The report’s final conclusion that contamination cannot be completely ruled out is remarkably weak considering that there are relatively few real-world cases in which contamination of evidence might be completely ruled out.
It becomes clear, then, that well informed prosecution interrogators will have no problem in identifying and attacking the report’s multiple weaknesses. We should expect Dr. Stefanoni and the prosecution’s team of experts to present precise counter arguments for the challenges expressed in the expert report, strongly defending the forensic science capabilities of Stefanoni and her team.
Archived in Public evidence, DNA and luminol, Appeals 2009-2014, Hellmann appeal, Diversion efforts by, More sockpuppets
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Carla Vecchioti and Stefano Conti In Perugia Seen Enjoying Their 15 Minutes Of Fame
Posted by Peter Quennell
Archived in Public evidence, DNA and luminol, Other witnesses, Trials 2008 & 2009, Hellmann appeal
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Tuesday, July 12, 2011
The Chief Enforcer Of The Constitution And The Rule Of Law is Wildly Popular Throughout Italy
Posted by Peter Quennell
President Giorgio Napolitano’s popularity rating is at 80% and rising. In sharp contrast, Prime Minister Berlusconi’s is at 30% and falling
Italians invariably take their constitution and their justice system very seriously and they have good reason to be proud of those institutions. Although the President’s daily duties are mostly ceremonial David Willey of the BBC explains his very key powers in those areas.
He is the person who has to appoint a new prime minister every time there is a government crisis. And he is the guarantor of Italy’s constitution, hammered out immediately after World War II by the founding fathers of the republic following two decades of Fascist rule.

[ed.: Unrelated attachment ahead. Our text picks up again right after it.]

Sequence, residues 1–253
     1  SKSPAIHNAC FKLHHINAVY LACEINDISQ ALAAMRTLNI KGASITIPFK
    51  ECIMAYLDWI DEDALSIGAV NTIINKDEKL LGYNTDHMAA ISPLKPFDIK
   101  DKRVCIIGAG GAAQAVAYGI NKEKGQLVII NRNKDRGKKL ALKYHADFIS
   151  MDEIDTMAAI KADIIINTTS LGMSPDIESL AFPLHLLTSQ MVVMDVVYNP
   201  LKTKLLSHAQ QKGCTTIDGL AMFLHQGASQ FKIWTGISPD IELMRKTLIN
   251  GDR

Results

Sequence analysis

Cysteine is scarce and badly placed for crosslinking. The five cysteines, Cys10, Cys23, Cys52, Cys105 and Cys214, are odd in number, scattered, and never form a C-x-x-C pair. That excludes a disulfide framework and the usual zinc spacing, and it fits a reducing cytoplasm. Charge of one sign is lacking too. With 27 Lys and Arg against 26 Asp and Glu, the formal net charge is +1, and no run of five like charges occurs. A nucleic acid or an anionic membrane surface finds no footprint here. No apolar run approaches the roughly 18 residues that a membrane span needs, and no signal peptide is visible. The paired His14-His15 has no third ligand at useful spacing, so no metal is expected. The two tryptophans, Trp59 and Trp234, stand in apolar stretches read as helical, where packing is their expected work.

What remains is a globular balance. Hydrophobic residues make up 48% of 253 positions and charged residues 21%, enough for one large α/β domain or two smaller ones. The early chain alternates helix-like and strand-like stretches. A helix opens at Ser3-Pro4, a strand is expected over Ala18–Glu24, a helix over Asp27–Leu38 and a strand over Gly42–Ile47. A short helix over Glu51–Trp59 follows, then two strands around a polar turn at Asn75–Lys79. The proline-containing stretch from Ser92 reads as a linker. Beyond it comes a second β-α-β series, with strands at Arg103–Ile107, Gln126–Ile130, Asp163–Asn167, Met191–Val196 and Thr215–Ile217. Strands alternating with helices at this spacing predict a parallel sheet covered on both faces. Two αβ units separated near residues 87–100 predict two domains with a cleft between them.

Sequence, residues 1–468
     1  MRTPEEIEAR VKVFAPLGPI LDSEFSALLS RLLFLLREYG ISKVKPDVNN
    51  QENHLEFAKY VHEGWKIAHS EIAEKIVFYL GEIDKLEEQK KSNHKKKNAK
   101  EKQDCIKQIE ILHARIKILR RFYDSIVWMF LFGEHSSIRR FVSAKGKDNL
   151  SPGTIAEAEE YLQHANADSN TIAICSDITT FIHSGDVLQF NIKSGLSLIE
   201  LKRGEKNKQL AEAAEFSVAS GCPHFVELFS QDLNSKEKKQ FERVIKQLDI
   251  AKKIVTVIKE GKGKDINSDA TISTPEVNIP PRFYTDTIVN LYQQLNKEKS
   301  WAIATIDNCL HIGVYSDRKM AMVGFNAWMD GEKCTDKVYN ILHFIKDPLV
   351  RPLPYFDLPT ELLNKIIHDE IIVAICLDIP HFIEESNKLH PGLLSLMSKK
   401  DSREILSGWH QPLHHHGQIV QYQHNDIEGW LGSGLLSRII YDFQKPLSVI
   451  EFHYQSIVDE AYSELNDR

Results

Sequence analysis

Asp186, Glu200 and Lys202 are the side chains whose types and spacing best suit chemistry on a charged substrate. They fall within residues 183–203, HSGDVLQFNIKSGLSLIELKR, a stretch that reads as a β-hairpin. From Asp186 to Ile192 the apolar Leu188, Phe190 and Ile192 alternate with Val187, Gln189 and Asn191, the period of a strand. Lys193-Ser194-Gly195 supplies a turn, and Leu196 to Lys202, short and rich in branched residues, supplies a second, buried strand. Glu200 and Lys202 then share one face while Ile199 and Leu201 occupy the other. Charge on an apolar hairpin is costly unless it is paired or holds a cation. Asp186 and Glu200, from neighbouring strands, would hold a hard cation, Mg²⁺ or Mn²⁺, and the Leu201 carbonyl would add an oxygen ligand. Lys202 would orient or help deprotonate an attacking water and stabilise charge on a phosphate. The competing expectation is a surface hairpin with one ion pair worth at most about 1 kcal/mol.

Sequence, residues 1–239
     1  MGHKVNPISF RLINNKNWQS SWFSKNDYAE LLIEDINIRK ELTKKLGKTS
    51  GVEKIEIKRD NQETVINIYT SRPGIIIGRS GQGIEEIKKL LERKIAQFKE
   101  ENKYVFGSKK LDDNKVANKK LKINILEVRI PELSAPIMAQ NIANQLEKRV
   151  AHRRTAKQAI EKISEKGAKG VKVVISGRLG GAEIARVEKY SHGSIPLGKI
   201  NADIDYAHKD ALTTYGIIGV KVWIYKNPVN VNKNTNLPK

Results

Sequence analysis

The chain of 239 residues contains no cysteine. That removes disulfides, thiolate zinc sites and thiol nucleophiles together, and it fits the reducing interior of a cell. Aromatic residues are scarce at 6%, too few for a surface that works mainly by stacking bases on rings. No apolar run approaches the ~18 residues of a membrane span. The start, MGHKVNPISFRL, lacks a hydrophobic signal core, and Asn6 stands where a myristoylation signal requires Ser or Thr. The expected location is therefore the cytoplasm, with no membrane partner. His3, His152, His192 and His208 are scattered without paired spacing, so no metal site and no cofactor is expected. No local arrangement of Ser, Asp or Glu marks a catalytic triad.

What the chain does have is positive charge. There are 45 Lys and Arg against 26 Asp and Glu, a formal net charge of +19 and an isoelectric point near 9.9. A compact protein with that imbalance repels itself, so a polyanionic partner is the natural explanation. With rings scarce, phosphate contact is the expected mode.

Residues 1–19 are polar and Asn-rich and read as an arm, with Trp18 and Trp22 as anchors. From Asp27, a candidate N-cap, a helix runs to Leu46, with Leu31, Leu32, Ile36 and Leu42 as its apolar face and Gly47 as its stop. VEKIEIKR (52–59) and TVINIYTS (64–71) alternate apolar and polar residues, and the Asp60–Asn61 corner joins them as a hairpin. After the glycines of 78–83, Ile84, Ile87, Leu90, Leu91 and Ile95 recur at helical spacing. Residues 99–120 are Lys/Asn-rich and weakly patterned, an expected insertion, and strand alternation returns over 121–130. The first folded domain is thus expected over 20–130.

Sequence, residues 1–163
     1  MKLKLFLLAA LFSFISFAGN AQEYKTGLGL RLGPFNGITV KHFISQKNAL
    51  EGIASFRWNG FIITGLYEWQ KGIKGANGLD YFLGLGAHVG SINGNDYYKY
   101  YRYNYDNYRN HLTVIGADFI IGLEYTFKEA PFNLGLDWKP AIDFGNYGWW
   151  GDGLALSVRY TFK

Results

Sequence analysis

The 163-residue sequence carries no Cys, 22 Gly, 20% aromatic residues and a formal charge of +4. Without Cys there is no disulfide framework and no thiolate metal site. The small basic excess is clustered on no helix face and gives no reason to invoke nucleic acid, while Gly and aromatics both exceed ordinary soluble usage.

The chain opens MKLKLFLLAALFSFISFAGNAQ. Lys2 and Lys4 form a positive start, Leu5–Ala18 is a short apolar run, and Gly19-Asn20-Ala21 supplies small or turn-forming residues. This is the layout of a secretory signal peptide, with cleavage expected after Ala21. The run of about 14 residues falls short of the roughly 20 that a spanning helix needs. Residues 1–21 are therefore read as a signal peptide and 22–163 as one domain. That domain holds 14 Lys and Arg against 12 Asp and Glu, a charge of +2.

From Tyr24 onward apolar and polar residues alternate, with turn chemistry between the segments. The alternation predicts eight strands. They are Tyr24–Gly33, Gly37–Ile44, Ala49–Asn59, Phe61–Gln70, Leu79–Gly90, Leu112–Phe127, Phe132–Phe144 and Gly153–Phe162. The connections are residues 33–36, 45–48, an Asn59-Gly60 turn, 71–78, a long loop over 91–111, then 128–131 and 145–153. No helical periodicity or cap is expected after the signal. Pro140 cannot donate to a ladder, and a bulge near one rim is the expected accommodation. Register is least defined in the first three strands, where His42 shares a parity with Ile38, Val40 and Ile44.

He is said to receive dozens of petitions a day and in certain cases he does act to get things done. Significantly, two that he chose to ignore recently concerned the ongoing Sollecito-Knox appeal process.
President Giorgio Napolitano simply ignored both of them.
The Italian prime minister also seems to be sitting this one out, as the painstaking process of justice for Meredith rolls on.
Archived in Italian justice system, Trials 2008 & 2009, The wider contexts
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Sunday, July 10, 2011
Another Look At Meredith’s Fine School And What It Says About Her And Her Family
Posted by Peter Quennell
Click above for our post of April last year on Meredith’s happy schooldays as described in Paul Russell and Grahame Johnson’s Darkness Descending.
This school explains a lot about Meredith. The United Kingdom has on the whole pretty good government-run schools. But its various public schools (its name for private schools) offer real renaissance educations where almost every hour is given to yet another area of formation.
Read Plato’s extraordinary Republic on education for the principles on which all of these schools are based. Not only was Meredith exceptionally focussed, ambitious, and hard-working. She also had the great confidence and poise that comes only from excelling in a lot of pursuits.
For the fourth child in a family it was remarkable that her family saw early what she needed and put forward all they could for her to get it.
Archived in Concerning Meredith
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Friday, July 08, 2011
Jury Sequestration Coming Under Fire From Those Who Question The Casey Anthony Verdict
Posted by Peter Quennell
[Above and below: The jury’s Rosen Shingle Creek Hotel in Orlando; there are more images here].